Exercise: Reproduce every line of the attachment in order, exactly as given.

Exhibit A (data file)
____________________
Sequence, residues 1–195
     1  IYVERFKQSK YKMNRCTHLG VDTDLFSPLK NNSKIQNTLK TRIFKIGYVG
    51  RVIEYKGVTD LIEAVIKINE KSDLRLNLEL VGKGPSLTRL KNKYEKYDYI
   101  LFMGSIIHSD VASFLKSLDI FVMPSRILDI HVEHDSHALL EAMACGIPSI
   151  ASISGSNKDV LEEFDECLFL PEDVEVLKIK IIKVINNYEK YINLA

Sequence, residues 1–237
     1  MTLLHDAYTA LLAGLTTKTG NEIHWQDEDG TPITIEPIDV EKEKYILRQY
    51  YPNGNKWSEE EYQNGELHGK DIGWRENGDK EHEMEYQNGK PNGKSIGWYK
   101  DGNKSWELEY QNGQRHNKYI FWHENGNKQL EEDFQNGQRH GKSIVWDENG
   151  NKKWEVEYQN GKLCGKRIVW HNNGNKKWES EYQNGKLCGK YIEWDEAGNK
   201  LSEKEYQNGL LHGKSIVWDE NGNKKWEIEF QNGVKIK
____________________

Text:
Sequence, residues 1–195
     1  IYVERFKQSK YKMNRCTHLG VDTDLFSPLK NNSKIQNTLK TRIFKIGYVG
    51  RVIEYKGVTD LIEAVIKINE KSDLRLNLEL VGKGPSLTRL KNKYEKYDYI
   101  LFMGSIIHSD VASFLKSLDI FVMPSRILDI HVEHDSHALL EAMACGIPSI
   151  ASISGSNKDV LEEFDECLFL PEDVEVLKIK IIKVINNYEK YINLA

Sequence, residues 1–237
     1  MTLLHDAYTA LLAGLTTKTG NEIHWQDEDG TPITIEPIDV EKEKYILRQY
    51  YPNGNKWSEE EYQNGELHGK DIGWRENGDK EHEMEYQNGK PNGKSIGWYK
   101  DGNKSWELEY QNGQRHNKYI FWHENGNKQL EEDFQNGQRH GKSIVWDENG
   151  NKKWEVEYQN GKLCGKRIVW HNNGNKKWES EYQNGKLCGK YIEWDEAGNK
   201  LSEKEYQNGL LHGKSIVWDE NGNKKWEIEF QNGVKIK